Children born out of void or voidable marriages can claim a right in their parent’s share of ancestral property, the Supreme Court ruled on Friday.
A three-judge Bench presided by Chief Justice of India D Y Chandrachud, however, clarified that they cannot claim rights in the ancestral property of anyone else in the Hindu Undivided Family (HUF) governed by Mitakshara Law but only in their parents’ share.
The Bench also comprising Justices J B Pardiwala and Manoj Misra referred to Section 16 (1) and 16(2) of the Hindu Marriage Act (HMA), 1995, which, it pointed out, confers legitimacy on children born out of void or voidable marriages.
Writing for the Bench, the CJI said “a child who is legitimate under” these sections “would, for the purposes of….the Hindu Succession Act (HSA), 1956, fall within the ambit of the explanation ‘related by legitimate kinship and cannot be regarded as an illegitimate child for the purposes of the provison.
Delving into the history of amendments made to the Hindu Succession Act, the court explained why such children can have rights only on their parent’s share of ancestral property and not in the property of the entire HUF.
It said while these amendments “built upon the structure of the HUF and calibrated it to facilitate the legislative intent of bringing about gender equality within the fold of the institution (by giving daughters coparcenary rights by birth in ancestral property)… but the legislature has not stipulated that a child whose legitimacy is protected by sub-section (1) or sub-section (2) of Section 16… would become a coparcener by birth.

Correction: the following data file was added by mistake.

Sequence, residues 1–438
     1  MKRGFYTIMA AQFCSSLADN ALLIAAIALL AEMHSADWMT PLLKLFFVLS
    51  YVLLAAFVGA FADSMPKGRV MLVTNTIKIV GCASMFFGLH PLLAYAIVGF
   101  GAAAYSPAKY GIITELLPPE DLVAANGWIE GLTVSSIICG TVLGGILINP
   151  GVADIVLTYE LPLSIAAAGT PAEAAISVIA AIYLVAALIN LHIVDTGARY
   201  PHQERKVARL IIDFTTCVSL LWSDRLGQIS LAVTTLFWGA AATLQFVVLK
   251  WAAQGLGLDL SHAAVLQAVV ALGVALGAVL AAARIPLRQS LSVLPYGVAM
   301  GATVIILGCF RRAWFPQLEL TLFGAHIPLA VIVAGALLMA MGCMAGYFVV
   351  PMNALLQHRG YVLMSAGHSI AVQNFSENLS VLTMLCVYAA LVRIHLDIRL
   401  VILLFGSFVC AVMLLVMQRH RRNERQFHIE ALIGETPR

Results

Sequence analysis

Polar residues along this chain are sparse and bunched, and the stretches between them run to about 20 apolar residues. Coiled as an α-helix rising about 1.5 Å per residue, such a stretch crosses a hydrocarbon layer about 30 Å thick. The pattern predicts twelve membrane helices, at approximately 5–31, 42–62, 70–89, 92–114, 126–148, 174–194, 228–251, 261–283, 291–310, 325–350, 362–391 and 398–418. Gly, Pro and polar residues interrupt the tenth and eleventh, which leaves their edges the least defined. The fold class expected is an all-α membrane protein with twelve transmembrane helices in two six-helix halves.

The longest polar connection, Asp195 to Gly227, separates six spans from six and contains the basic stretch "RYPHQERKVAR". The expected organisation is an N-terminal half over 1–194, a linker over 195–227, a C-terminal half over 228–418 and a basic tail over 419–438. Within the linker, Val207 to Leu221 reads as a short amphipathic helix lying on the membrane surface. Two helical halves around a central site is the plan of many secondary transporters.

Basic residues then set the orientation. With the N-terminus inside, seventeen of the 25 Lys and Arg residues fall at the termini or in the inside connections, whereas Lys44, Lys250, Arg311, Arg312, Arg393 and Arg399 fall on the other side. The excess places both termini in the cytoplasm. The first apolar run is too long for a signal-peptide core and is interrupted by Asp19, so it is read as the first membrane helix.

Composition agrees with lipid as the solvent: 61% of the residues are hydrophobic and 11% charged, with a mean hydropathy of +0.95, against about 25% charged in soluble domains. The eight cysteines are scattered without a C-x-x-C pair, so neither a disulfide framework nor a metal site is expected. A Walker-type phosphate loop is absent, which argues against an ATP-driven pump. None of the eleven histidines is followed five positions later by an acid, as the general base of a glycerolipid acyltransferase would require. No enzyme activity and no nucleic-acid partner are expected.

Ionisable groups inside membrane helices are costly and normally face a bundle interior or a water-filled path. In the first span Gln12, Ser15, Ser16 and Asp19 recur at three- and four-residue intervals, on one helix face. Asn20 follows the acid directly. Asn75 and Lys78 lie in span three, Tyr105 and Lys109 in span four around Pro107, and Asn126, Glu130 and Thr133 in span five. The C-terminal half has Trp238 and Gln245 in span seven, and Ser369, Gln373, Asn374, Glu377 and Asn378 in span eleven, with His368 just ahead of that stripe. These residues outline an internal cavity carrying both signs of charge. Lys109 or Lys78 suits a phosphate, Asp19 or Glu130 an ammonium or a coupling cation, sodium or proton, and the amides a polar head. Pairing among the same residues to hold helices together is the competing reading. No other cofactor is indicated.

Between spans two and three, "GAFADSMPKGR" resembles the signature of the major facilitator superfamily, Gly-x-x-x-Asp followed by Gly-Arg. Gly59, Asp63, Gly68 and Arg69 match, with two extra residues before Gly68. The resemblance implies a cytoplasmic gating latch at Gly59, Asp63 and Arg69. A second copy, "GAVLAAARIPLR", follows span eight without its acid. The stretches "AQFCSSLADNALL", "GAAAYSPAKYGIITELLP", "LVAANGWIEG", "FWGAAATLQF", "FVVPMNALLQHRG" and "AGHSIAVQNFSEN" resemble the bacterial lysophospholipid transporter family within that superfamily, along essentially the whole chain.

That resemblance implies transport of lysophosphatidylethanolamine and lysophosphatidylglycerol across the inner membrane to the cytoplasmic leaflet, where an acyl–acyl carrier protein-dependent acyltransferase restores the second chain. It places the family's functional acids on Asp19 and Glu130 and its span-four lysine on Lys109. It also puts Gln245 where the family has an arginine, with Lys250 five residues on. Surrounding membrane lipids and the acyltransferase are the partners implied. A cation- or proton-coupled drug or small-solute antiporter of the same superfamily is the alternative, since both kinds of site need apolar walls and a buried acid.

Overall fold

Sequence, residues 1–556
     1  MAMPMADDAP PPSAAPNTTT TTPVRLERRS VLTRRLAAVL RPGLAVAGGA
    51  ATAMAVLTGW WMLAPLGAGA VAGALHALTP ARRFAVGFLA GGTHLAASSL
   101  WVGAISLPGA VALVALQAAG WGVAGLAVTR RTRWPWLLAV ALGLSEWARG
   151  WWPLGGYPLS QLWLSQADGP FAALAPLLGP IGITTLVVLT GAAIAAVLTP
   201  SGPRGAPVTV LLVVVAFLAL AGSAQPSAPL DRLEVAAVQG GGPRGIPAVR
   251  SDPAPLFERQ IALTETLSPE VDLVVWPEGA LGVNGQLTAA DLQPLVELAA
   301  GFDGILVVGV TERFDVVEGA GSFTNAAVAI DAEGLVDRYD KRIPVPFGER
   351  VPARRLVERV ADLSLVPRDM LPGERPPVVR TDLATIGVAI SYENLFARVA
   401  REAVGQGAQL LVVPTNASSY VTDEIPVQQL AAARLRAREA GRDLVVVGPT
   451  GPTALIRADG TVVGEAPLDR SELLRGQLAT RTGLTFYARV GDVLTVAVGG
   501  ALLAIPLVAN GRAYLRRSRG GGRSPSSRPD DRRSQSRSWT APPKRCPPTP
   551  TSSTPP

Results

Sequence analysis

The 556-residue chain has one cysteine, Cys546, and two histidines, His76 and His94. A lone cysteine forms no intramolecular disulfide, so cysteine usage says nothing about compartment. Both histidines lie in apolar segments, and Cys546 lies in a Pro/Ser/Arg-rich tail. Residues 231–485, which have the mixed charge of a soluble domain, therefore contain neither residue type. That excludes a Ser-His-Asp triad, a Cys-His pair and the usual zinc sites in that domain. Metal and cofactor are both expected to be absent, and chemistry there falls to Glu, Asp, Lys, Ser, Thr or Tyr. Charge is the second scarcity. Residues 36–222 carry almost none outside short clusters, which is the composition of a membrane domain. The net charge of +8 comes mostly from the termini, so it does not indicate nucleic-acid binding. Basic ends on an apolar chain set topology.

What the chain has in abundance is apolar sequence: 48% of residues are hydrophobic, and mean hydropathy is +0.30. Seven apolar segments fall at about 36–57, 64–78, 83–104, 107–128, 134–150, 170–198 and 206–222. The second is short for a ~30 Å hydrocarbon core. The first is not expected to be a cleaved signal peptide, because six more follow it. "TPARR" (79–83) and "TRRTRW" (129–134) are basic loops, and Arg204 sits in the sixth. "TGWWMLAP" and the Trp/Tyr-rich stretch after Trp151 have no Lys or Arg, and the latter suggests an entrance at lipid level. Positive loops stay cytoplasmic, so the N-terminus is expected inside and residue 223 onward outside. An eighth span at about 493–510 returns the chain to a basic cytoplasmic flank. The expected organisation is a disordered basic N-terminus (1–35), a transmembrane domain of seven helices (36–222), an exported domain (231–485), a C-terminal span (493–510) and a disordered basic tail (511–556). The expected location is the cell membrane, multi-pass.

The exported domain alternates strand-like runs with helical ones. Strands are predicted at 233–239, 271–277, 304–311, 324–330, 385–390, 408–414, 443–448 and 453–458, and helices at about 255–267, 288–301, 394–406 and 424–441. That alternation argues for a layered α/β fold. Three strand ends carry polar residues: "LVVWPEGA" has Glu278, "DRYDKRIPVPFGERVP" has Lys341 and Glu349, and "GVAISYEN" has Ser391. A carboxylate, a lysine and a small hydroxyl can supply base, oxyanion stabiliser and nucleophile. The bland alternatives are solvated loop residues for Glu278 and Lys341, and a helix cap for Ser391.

On the other hand, the express language used in sub-section (3) of Section 16 of the HMA, 1955 is that the conferment of legitimacy shall not be construed as conferring any rights in or to the property of any person other than the parents.
The court pointed out that the very concept of a coparcener postulates the acquisition of an interest by birth” and “if a person born from a void or voidable marriage to whom legitimacy is conferred by sub-sections (1) or (2) of Section 16 were to have an interest by birth in an HUF governed by Mitakshara law, this would certainly affect the rights of others apart from the parents of the child. Holding that the consequence of legitimacy under sub-sections (1) or (2) of Section 16 is to place such an individual on an equal footing as a coparcener in the coparcenary would be contrary to the plain intendment of sub-section (3) of Section 16 of the HMA, 1955, which recognises rights to or in the property only of the parents… We would therefore have to hold that when an individual falls within the protective ambit of sub-section (1) or sub-section (2) of Section 16, they would be entitled to rights in or to the absolute property of the parents and no other person
The judgment said “the provisions of the HSA, 1956 have to be harmonised with the mandate in Section 16(3) of the HMA, 1955, which indicates that a child who is conferred with legitimacy under sub-sections (1) and (2) will not be entitled to rights in or to the property of any person other than the parents.
As to what would be the parental share in the ancestral property, the court said for this, the law mandates the assumption of a state of affairs immediately prior to the death of the coparcener namely, a partition of the coparcenary property between the deceased and other members of the coparcenary. Once the share of the deceased in property that would have been allotted to him if a partition had taken place immediately before his death is ascertained, his heirs, including the children who have been conferred with legitimacy under Section 16 of the HMA 1955, will be entitled to their share in the property which would have been allotted to the deceased upon the notional partition, if it had taken place.
The Bench, which was answering a reference also said that “a large number of cases are likely to have remained pending before each high court due to its pendency and directed the Registrar (Judicial) of SC & to immediately circulate a copy of the judgment to the Registrars (Judicial) of all the High Courts who; it said “shall upon taking suitable directions from the chief justices on the administrative side, ensure that all pending cases involving the issues decided here are listed for hearing and disposal before the assigned Benches according to the rosters of work.